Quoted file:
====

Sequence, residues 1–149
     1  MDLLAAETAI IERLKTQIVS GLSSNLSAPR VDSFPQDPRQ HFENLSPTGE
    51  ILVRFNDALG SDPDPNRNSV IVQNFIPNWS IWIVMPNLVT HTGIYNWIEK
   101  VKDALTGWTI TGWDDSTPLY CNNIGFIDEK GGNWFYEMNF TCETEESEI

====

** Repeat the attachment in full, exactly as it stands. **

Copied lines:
Sequence, residues 1–149
     1  MDLLAAETAI IERLKTQIVS GLSSNLSAPR VDSFPQDPRQ HFENLSPTGE
    51  ILVRFNDALG SDPDPNRNSV IVQNFIPNWS IWIVMPNLVT HTGIYNWIEK
   101  VKDALTGWTI TGWDDSTPLY CNNIGFIDEK GGNWFYEMNF TCETEESEI